Holley, A. J. F. 1993: Do brown hares signal to foxes? Ethology 94, 21–30.
Do Brown Hares Signal to Foxes?
Article first published online: 26 APR 2010
1993 Blackwell Verlag GmbH
Volume 94, Issue 1, pages 21–30, January-December 1993
How to Cite
Holley, A. J. F. (1993), Do Brown Hares Signal to Foxes?. Ethology, 94: 21–30. doi: 10.1111/j.1439-0310.1993.tb00544.x
- Issue published online: 26 APR 2010
- Article first published online: 26 APR 2010
- Received: June 27, 1992 Accepted: January 22, 1993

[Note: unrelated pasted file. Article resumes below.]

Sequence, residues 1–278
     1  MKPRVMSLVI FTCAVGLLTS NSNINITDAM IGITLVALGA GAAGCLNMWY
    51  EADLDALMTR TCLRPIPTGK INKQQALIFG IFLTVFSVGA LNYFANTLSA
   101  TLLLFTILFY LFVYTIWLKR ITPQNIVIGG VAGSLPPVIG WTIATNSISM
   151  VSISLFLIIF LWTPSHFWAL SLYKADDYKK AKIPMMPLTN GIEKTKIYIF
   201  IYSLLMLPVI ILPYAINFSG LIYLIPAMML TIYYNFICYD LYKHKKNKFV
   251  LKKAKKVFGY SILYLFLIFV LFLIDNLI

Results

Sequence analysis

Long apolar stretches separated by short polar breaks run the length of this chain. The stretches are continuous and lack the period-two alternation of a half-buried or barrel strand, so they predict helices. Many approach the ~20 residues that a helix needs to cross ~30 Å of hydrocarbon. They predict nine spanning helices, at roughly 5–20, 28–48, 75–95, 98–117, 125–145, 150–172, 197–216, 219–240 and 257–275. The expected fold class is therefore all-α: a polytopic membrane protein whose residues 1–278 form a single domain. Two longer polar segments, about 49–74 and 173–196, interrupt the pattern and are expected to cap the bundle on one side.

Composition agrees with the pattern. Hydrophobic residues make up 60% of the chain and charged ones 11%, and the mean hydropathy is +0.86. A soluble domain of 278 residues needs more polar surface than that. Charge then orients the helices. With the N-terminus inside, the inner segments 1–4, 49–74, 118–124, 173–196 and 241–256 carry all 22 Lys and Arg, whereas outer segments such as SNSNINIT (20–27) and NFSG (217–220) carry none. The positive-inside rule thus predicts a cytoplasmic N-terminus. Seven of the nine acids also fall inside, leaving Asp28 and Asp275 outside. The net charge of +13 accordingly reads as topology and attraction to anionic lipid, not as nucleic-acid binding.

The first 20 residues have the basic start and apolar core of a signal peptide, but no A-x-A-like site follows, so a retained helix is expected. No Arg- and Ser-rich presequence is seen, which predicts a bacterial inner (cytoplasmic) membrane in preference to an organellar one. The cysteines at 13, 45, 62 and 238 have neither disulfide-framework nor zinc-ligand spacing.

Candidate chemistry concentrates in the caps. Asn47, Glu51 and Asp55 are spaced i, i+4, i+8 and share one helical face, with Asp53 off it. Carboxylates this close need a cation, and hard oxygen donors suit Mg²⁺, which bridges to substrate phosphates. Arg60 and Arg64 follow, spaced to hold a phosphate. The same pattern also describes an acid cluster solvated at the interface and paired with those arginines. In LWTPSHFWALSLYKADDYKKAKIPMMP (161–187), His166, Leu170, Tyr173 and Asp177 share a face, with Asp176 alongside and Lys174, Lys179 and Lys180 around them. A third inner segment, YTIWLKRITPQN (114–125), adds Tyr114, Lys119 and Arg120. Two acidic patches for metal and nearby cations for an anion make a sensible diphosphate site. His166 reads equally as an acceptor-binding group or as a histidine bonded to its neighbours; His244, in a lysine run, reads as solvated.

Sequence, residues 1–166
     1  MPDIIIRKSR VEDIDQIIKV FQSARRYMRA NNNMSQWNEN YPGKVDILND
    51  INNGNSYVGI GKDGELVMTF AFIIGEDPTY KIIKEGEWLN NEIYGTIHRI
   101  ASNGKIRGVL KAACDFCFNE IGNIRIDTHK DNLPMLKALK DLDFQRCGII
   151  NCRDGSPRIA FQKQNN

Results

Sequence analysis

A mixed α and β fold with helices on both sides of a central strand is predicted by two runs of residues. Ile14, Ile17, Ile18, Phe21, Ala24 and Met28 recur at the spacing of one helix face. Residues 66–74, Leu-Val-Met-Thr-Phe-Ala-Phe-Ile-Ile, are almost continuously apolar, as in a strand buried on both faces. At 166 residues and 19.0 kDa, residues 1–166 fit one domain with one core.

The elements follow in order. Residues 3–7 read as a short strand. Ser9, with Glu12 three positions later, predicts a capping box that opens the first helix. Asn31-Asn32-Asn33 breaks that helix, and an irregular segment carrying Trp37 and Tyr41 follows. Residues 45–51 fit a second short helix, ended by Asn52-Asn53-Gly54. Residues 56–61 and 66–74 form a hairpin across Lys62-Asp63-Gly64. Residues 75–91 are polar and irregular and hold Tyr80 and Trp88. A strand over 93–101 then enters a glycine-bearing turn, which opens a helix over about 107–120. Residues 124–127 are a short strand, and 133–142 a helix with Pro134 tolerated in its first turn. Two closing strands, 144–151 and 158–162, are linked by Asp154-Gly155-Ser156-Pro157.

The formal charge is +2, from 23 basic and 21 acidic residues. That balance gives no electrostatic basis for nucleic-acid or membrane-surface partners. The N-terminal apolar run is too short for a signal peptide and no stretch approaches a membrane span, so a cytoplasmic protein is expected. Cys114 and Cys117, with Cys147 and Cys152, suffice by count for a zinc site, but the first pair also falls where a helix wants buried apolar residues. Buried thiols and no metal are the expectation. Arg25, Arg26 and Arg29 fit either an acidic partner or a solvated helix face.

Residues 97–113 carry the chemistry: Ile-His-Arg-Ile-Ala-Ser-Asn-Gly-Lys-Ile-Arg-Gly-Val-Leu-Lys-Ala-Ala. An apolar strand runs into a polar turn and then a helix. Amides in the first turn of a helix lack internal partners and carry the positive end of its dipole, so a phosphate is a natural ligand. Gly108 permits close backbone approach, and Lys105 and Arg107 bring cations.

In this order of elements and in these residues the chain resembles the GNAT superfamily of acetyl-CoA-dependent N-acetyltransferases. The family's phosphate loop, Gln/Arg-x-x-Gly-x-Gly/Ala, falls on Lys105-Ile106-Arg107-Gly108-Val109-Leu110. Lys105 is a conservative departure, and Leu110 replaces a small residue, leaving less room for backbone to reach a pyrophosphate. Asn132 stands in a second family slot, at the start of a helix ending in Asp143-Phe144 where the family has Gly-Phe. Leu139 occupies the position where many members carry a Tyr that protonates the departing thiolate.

Of a total of 32 sedentary brown hares (Lepus europaeus) approached across open ground by foxes (Vulpes vulpes), 31 reacted when the fox was 50 m or less from them by adopting a bipedal stance directly facing the fox. Of five sedentary hares approached by foxes from nearby cover, none stood, three moved away and two adopted the squatting (primed for movement) posture. Hares stood before foxes in all heights of vegetation and on 42% of occasions were solitary. Hares did not stand before approaching dogs (Canis familiaris). The functions of this behaviour are considered and competing hypotheses of Predator Surveillance and Pursuit Deterrence are examined by testing predictions against results obtained. The results suggest that by standing erect brown hares signal to approaching foxes that they have been detected.